(after Gustav Klimt’s painting)
On the bed, he holds her neck,
her hand all the while on his,
the golden fabric of tryst.
There are flowers in her hair
& he has not kissed her mouth
He leans over her, clearly wants her.
She is his, maybe.
Sitting in the chair opposite,
you only see a peacock raiment
& the eyes that look back at you
in flowers, whorls.
They are one body.
You cannot tell him from her
but it does not matter now.
Her eyes are shut & he is still
kissing her. They are like flowers.
Inseparable. The bed is a garden.
The subject of dreams is a rich one. There is a vast catalogue of popular songs (“All I Have to Do Is Dream”, “Dream Baby”, et al) and poems (“Kubla Khan”, “Ode to a Nightingale” et al) that deal with various aspects of dream. Painters, too–Colville and the pre-Raphaelites, for instance– have explored dream-like states and fancies. Gustav Klimt’s work is largely dream made manifest, no moreso than, perhaps, “The Kiss”.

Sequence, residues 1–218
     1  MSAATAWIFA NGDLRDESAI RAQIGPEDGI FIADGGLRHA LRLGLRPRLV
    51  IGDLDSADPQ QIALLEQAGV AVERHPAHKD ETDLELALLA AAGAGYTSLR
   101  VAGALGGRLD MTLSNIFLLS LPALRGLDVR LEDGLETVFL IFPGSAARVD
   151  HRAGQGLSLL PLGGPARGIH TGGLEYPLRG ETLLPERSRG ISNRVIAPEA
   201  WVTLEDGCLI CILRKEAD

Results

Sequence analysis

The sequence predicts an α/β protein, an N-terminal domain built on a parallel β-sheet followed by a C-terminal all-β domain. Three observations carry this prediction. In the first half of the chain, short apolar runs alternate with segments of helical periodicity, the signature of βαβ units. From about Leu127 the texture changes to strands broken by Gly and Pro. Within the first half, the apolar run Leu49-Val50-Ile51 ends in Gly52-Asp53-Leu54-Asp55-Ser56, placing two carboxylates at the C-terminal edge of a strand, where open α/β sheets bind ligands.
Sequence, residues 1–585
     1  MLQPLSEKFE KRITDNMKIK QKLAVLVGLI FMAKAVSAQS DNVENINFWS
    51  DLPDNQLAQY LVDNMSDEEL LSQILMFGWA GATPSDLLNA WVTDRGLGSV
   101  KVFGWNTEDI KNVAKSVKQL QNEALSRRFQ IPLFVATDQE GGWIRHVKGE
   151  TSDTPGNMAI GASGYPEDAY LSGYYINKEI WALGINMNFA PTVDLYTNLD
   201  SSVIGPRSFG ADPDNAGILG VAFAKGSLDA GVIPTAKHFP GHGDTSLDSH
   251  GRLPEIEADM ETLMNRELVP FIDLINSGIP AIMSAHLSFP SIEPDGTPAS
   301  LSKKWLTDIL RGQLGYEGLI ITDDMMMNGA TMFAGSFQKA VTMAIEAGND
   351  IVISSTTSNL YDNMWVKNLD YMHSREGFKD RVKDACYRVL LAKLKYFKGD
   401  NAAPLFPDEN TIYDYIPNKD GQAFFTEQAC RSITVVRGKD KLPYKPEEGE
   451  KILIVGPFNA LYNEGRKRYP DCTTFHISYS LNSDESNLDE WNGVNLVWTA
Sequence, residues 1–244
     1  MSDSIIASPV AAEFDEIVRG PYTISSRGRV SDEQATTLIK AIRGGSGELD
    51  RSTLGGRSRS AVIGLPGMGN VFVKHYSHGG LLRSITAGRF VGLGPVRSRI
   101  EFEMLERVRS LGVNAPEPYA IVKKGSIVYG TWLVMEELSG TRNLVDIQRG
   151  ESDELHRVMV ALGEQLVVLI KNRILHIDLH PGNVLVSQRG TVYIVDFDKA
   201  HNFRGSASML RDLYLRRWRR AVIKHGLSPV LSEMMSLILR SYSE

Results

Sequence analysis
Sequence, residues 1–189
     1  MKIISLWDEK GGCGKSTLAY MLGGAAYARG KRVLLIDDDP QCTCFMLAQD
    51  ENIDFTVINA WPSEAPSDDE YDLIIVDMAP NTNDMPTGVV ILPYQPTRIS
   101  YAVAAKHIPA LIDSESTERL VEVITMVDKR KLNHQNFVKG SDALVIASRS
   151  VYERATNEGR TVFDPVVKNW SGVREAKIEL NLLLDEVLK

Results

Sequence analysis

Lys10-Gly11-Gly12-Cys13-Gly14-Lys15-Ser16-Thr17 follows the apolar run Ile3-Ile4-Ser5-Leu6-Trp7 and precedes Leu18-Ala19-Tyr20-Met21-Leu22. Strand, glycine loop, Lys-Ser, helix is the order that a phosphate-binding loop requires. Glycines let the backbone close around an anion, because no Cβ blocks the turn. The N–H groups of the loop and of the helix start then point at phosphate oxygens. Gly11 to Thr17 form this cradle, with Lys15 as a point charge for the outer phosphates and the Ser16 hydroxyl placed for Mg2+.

In stanza 2, I took the liberty of blending some other Klimt images into this particular scene, but with Klimt ‘it all runs together’, his dreamy scenes and dreamy people. There is, at last, a oneness, a confluence, and unity to his desires and obsessions (stanza 3). In many ways, Leonard Cohen’s beautiful poem “You Have the Lovers”–his best on love–is a poetic realization of Klimt’s vision. If one is looking for ultimate visual art and poetry examples of the love dream, these two works will always be key reference points and centres.